FNH-built Model 70 rifless differ from those built by USRAC in several ways. The USRAC version retains the original trigger introduced on the Model 70 back in 1937, while the FNH version introduced a new three-lever design called the M.O.A. Trigger System. It is essentially the Feather Trigger of the Browning X-Bolt rifle modified to fit the Model 70 receiver.
In 2013 we learned that all parts of the Winchester Model 70 barreled action would continue to be made in South Carolina, but assembly and stock-fitting would take place at Browning in Portugal.The Featherweight Today
In preparation for this report, I requested a current-production Featherweight in .270 Win. Its buttstock is thicker, and the circumference of its grip is noticeably larger, making it a bit stronger than the USRAC stock but also heavier. My USRAC rifle weighs 6 pounds, 7.6 ounces versus 7 pounds, 2.1 ounces for the rifle assembled in Portugal. Both rifles have Olin’s 1981 checkering pattern, and while the diamonds of the USRAC stock are not pointed up as nicely as on the Portugal stock, coverage is greater. A thin rubber pad on the USRAC stock is quite hard, and the Pachmayr Decelerator on the current stock does a much better job of soaking up recoil. By any mass-production standard, wood to metal fit on both rifles is quite good.
Shortly after production was moved to the FNH factory in Columbia, I paid them a visit and brought back a Featherweight in .270 Win. When writing it up for Shooting Times, I compared its accuracy with two other Featherweights in the same caliber, one built by Winchester in 1960 and the other a USRAC rifle built in 1993. I already had too many .270s, so the FNH rifle was returned soon after my tests were completed. After recently shooting the Portugal rifle, I added its test results to the old accuracy comparison chart and included it in this report. A couple of the loads fired back then are no longer available, so others were substituted.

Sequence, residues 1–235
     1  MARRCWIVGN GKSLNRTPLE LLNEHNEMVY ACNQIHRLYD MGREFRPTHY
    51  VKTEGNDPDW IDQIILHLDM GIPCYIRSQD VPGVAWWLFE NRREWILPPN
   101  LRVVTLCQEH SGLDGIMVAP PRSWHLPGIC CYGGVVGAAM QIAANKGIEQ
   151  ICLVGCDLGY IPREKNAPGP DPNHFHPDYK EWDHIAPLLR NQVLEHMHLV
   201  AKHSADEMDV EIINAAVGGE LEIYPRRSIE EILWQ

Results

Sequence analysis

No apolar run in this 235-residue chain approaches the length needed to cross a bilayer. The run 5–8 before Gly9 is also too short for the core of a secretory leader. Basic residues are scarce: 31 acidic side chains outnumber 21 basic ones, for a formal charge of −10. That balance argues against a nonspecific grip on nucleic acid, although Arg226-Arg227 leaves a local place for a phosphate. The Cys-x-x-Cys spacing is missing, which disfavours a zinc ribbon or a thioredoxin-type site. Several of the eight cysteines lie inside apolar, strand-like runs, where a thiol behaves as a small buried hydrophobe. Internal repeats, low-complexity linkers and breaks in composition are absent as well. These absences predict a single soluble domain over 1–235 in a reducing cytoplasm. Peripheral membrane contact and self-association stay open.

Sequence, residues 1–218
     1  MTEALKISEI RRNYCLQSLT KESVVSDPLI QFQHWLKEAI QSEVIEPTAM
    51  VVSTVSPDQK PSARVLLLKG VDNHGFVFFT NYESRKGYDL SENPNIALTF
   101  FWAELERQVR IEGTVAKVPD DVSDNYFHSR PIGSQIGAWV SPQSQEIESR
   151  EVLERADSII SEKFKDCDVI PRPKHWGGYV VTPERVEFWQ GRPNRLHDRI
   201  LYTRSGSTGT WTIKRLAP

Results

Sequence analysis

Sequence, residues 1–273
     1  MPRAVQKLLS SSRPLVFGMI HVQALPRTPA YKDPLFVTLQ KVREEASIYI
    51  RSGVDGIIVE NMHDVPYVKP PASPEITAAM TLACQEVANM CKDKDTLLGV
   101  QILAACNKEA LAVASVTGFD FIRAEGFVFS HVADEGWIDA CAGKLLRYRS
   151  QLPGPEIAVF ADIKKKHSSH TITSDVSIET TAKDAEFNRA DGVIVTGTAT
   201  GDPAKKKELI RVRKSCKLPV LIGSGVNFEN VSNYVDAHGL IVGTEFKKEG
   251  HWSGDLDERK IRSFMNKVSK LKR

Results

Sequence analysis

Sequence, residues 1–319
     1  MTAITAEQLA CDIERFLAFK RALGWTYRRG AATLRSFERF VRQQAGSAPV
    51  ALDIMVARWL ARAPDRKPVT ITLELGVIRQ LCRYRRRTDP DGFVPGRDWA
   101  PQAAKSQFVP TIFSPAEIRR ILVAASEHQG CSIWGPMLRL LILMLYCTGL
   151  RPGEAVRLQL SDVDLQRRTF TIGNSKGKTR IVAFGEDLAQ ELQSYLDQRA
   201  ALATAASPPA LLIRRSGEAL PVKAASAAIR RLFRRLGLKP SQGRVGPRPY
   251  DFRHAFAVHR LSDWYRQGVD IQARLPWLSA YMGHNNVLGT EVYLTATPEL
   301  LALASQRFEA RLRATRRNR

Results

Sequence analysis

One of the remarkable things about the Winchester Model 70 is how close to the same level of accuracy different makers have maintained over the past 81 years. The very first report in which the accuracy of Pre-’64 and Post-’64 rifles was compared was written by Bob Hagel and published in the 1965 Gun Digest. The old rifle was one of the last built during 1963, and the new rifle was one of the first produced in 1964. Both were in .300 Winchester Magnum. Average five-shot accuracy at 100 yards was 1.34 inches for the old rifle and 1.41 inches for the new one. Both averaged around an inch with their favored loads.
Hagel was testing standard-weight rifles, but over the decades I have found his findings to hold true for the Featherweight as well. Some of those Featherweights built during the final years of U.S. Repeating Arms had a bit to be desired in fit and finish, but the ones I shot never failed to shoot most loads inside 2 inches. That may not sound very exciting during this era when factory rifles are expected to shoot inside an inch, but it will always be more than accurate enough for hunting big game at ethical distances.
The Model 70 Featherweight has undergone many changes during the past 66 years, but its 22-inch barrel still has the familiar contour of the original version. Those first .270, .30-06, .243, and .308 chamberings have been joined by the .22-250, .25-06, 7mm-08, and .280 Remington. Regardless of whether a Featherweight was built in 1952 or 2018, I believe it is one of the finest standard-production, big-game rifles of all time.